Our sins are all around us. Others see what we do not see. The challenge is to remain mindful of our own vulnerabilities and be aware of our own inclination to sin. We all share humanness with the ones we judge. If we cultivate compassion and forgiveness toward ourselves, are we not less likely to pick up a stone and throw it?
 
Have you ever forgiven someone who hurt you? How did you feel after doing it?

Adapted from Word on the Go, a downloadable resource from RENEW International.

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“Now the older son had been out in the field and, on his way back, as he neared the house, he heard the sound of music and dancing. He called one of the servants and asked what this might mean. The servant said to him, ‘Your brother has returned and your father has slaughtered the fattened calf because he has him back safe and sound.’ He became angry, and when he refused to enter the house, his father came out and pleaded with him. He said to his father in reply, ‘Look, all these years I served you and not once did I disobey your orders; yet you never gave me even a young goat to feast on with my friends. But when your son returns who swallowed up your property with prostitutes, for him you slaughter the fattened calf.’ He said to him, ‘My son, you are here with me always; everything I have is yours. But now we must celebrate and rejoice, because your brother was dead and has come to life again; he was lost and has been found’” (Luke 15:25-32).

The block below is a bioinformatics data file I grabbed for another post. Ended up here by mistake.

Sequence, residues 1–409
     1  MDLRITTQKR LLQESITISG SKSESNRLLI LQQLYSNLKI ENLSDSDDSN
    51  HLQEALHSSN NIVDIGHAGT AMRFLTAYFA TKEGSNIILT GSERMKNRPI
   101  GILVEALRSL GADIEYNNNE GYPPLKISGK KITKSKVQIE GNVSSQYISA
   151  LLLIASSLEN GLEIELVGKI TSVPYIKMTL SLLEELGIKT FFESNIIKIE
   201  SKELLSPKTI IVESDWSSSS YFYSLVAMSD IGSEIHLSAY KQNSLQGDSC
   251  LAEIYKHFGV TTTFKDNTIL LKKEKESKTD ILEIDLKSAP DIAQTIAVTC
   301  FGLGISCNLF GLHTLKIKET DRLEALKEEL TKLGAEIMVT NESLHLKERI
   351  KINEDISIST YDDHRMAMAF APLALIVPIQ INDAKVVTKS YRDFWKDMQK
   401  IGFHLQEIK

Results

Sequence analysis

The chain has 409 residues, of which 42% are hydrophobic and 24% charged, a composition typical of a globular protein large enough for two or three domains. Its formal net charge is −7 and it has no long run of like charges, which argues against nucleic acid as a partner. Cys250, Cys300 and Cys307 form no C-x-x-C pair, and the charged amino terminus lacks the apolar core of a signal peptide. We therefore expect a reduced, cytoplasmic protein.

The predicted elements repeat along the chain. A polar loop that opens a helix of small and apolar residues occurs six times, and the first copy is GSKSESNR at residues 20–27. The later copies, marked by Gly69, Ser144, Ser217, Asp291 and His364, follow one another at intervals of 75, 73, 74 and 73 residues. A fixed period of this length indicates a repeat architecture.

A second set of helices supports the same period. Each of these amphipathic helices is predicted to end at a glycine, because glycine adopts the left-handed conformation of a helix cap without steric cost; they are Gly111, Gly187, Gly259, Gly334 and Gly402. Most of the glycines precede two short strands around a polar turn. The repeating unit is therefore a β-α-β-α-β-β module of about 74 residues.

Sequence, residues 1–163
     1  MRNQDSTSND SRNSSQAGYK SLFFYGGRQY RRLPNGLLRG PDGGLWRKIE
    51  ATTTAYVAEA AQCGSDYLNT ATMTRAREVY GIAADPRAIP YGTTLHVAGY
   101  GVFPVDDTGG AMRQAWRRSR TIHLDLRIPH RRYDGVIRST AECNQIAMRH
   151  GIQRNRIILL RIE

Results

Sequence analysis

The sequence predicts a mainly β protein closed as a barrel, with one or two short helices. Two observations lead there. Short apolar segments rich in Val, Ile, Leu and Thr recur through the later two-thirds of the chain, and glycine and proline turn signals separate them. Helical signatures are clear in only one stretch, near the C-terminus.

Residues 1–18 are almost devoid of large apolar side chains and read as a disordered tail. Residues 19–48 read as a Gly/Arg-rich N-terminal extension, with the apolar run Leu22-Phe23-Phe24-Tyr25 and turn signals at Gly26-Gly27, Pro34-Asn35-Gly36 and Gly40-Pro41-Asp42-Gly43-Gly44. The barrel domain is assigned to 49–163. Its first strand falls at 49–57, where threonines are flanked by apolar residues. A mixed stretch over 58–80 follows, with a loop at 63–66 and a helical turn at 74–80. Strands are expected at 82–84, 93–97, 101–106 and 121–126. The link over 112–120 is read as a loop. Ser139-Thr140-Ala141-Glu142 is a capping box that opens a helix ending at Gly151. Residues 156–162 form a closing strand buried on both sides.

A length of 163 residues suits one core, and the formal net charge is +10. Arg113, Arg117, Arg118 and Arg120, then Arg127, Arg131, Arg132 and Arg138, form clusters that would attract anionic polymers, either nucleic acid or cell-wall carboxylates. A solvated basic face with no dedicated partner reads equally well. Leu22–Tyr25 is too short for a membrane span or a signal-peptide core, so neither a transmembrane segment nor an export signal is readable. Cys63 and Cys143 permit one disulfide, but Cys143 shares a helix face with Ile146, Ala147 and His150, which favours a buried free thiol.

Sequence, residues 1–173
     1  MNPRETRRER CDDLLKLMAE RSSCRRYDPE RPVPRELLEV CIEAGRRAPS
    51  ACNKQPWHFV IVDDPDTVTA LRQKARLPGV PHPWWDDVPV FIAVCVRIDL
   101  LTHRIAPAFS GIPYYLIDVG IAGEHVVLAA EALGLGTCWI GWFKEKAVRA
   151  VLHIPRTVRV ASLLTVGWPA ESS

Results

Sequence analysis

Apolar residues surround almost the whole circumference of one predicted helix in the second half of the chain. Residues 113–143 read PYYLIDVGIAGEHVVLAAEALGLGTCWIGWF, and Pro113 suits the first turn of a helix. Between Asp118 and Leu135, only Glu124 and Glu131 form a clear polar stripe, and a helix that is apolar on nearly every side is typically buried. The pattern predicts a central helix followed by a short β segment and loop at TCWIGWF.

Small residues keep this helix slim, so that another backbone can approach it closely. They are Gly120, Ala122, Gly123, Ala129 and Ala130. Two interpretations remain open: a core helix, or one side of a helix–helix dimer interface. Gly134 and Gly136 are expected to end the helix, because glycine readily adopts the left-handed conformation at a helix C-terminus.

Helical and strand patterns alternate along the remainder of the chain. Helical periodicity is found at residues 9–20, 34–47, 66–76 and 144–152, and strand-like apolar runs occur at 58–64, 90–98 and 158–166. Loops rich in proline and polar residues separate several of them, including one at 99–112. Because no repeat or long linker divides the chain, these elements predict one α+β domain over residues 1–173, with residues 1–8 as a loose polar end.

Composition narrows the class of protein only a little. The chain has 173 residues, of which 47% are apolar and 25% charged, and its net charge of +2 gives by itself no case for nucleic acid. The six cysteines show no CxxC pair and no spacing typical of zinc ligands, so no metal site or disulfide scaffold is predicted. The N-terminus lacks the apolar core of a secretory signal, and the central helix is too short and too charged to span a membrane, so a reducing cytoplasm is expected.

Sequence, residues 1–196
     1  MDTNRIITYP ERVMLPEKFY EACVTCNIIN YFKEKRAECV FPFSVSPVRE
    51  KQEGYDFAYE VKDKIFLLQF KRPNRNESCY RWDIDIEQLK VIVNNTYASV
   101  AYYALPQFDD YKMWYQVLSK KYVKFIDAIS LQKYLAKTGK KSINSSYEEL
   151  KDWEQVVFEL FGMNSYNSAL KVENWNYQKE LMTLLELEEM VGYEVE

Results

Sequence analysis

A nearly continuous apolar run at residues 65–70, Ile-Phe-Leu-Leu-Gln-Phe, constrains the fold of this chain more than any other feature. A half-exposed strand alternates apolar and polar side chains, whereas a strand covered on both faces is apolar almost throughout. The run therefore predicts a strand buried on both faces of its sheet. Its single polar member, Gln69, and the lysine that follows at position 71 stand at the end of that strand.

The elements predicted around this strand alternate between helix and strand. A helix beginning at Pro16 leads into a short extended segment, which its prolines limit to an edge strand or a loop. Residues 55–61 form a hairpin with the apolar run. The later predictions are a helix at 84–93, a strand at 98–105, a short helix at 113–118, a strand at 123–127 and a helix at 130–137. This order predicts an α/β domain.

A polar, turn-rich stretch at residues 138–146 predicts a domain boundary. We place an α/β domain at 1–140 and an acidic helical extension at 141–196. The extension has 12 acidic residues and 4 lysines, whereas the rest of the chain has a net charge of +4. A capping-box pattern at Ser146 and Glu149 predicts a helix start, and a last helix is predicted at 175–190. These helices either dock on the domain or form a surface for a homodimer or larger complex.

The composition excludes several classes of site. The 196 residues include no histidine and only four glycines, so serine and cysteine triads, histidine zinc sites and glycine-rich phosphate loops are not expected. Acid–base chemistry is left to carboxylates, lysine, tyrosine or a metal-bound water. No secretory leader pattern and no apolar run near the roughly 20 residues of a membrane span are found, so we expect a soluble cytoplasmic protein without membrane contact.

Jesus was asked by the Pharisees and scribes why he welcomed “sinners” and ate with them. His response was to tell a parable of two sons. Not only a story of forgiveness and reconciliation, this parable captured the essence of God’s relationship with his children. This divine relationship between God and his children is characterized by unconditional, ever-present, unending love.
 
Neither of the two brothers recognized the depth of their father’s love for him. The younger allowed himself to starve before he conceded, out of desperation, for the chance that his father would accept his return. The elder was bitter and filled with resentment.
 
Perhaps the brothers represent two types of people. There are “sinners” who squander their time and resources by separating themselves from true communion with God and often add to their own suffering by thinking they have gone too far to be loved by God. The “too good” people squander their time and resources by working for the wrong reasons and expecting reward based on merit. They believe God should love and reward them, and only them, because of what they have done.
 
When the true depth of love was revealed by the father’s joy at the younger son’s return, it showed that neither the elder nor the younger brother was right.
 
This parable was Jesus’ response to his critics who said that “sinners” did not deserve God’s love. Jesus was challenging them to see that they were like the elder brother who refused to believe that God’s love was deep enough to reach these sinners.
 
Ultimately, we are all invited to be the father in this parable and to give love freely and unconditionally to every child of God.
 
Which character do you most relate to in this parable? Why?

Adapted from Word on the Go, a downloadable resource from RENEW International.